Franciscan of the Holy Land: Pope encountered God’s new shrine in Iraq

For Fr Ibrahim Faltas, the pontiff found a new Holy Land amid the rubble, the severed heads of the statues of Our Lady and in the devastation by the Islamic State. He also found a “people who clung to their land through their faith.” The pontiff also sent greetings to President Abbas, which “amazed everyone.”


Jerusalem (AsiaNews) – Pope Francis “found God’s new shrine” amid the rubble, the blown off chapters, the severed heads of statues of Our Lady, in historic places erased by the devastation of the Islamic State group (Daesh in Arabic), touching first-hand “people who clung to their land through their faith,” writes Fr Ibrahim Faltas in a letter to AsiaNews.

Speaking about Pope Francis's recent visit to Iraq, the discreet of the Franciscan Custody and director of the Christian schools of the Holy Land, noted that the pontiff’s greatness also lies “in the thoughts that he constantly devotes to the Middle East, making himself a pilgrim in our Holy Land.”

Commenting on the first, historic visit by a pope “to the ancient land of Abraham, common father recognised by Jews, Christians and Muslims,” underlines his being a “pilgrim of peace” among people of different faiths.

Francis is also “the first pope to visit a Shia-majority country,” in a land where Christians “have suffered unprecedented violence” under the Islamic State group.

His “trip incarnates . . . the words and the document signed by the Pope and Grand Imam of Alzhar during the meeting in Abu Dhabi” as “the first real step towards ‘universal fraternity’ as outlined in the encyclical”.

For the Franciscan priest, the deepest value of this apostolic journey was the message he brought with him. “The Middle East without Christians would not exist” and “will continue to exist only with the presence of Christians”.

“Many people thought the trip had to be postponed because of the many problems it presented: insecurity and instability of the country, the ongoing world pandemic, the very health of the pope”.

However, the pontiff showed “a lot of courage and determination and went against the current, because he felt a strong duty to visit the people of Iraq, Christians and Muslims, who live on the same land, to bring a word of hope and fraternity, a caress from God”.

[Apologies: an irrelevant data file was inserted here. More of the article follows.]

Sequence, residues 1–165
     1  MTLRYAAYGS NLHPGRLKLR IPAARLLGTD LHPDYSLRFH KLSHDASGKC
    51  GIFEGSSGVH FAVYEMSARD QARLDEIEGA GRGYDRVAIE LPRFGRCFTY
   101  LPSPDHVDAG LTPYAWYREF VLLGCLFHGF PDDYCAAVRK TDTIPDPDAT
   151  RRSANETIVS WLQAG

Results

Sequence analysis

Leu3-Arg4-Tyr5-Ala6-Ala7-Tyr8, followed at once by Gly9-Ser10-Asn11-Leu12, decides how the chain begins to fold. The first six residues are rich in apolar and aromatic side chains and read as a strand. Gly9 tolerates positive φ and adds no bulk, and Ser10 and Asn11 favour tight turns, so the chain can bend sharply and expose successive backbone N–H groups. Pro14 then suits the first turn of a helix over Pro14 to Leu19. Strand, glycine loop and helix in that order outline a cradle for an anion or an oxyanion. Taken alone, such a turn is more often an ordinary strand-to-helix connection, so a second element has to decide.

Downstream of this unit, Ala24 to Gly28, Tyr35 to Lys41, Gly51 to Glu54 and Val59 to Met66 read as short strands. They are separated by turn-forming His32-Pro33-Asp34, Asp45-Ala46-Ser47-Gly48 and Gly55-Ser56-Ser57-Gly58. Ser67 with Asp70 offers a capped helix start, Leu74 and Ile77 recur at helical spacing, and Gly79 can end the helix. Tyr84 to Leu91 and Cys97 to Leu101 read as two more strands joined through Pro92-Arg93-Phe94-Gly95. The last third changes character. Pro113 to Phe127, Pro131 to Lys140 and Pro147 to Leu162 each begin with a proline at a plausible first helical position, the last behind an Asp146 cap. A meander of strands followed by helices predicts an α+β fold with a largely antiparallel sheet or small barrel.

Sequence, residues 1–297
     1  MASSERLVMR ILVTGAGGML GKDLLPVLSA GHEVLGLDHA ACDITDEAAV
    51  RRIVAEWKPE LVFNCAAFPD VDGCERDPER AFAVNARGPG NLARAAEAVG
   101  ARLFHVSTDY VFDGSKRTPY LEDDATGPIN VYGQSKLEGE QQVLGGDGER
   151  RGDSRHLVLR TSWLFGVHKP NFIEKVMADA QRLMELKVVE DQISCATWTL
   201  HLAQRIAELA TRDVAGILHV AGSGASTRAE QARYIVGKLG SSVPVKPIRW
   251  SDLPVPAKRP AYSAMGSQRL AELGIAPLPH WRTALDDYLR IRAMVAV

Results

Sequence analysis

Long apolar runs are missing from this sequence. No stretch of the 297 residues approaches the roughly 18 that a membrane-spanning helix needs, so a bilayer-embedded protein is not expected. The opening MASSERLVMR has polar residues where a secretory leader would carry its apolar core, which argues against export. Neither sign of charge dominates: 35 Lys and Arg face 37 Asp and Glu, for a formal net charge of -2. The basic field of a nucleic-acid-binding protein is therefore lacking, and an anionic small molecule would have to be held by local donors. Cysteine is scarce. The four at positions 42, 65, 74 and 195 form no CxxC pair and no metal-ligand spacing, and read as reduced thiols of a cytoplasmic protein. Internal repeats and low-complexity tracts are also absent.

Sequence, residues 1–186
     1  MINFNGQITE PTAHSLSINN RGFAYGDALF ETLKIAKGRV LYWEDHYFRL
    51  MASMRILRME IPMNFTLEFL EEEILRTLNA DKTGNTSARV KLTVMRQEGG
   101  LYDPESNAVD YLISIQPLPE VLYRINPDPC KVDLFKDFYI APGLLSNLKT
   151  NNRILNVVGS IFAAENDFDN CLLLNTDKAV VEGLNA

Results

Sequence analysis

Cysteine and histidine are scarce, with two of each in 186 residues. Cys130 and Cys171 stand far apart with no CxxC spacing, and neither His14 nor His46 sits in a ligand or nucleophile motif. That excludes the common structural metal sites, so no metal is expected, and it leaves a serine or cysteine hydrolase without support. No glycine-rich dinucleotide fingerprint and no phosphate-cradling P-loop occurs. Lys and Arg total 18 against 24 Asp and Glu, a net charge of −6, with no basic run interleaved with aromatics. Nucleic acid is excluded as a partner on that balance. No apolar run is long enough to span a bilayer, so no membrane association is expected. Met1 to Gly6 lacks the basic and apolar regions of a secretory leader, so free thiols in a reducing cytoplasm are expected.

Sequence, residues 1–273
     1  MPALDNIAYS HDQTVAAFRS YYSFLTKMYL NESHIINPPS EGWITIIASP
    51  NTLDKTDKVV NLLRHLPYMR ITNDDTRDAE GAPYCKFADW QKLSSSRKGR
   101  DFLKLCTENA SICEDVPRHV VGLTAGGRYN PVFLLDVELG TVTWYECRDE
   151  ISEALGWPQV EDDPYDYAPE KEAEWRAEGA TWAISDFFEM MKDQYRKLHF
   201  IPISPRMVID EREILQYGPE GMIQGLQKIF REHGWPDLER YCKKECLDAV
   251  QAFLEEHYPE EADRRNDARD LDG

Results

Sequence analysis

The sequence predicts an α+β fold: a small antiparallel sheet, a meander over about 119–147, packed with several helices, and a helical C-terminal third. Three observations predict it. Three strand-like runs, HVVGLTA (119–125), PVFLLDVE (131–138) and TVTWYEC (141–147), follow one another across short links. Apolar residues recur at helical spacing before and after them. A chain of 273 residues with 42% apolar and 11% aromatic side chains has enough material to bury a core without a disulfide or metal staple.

Thanks to his testimony, Iraqis can now help each other to “rebuild together from the rubble” and create a “land of peace”.

We should also see from this perspective the meeting with Grand Ayatollah Ali al-Sistani, the “great sage” of Shia Islam in the sacred city of Najaf.

“Pope Francis is following a path undertaken 800 years ago by Saint Francis,” Fr Ibrahim explained, “embracing the two souls of Islam: meeting the Sunni [with Grand Imam al Tayeb] of Al-Azhar and the Shia with al-Sistani.”

The aim was to find a concrete synthesis in interreligious prayer in the plain of Ur of the Chaldeans, the “homeland” of Abraham, meeting and praying “to be instruments of reconciliation and peace”.

In closing, the Franciscan cleric also expressed appreciation the message “of peace and prayer and the fraternal greeting” sent to Palestinian President of Palestine Mahmoud Abbas and his people, during the flight that took him from Rome to Baghdad.

“The news made the rounds in Palestine quickly, because receiving a message of peace, a thought addressed to the Palestinians, as he prepared himself to make such a difficult and complex journey, left everyone amazed! Great Pope Francis!”.

In addition to being a message to the world about the situation in Iraq, “Pope Francis's apostolic journey to Iraq is an appeal to the international community to put an end to wars, occupations and divisions throughout the Middle East.”

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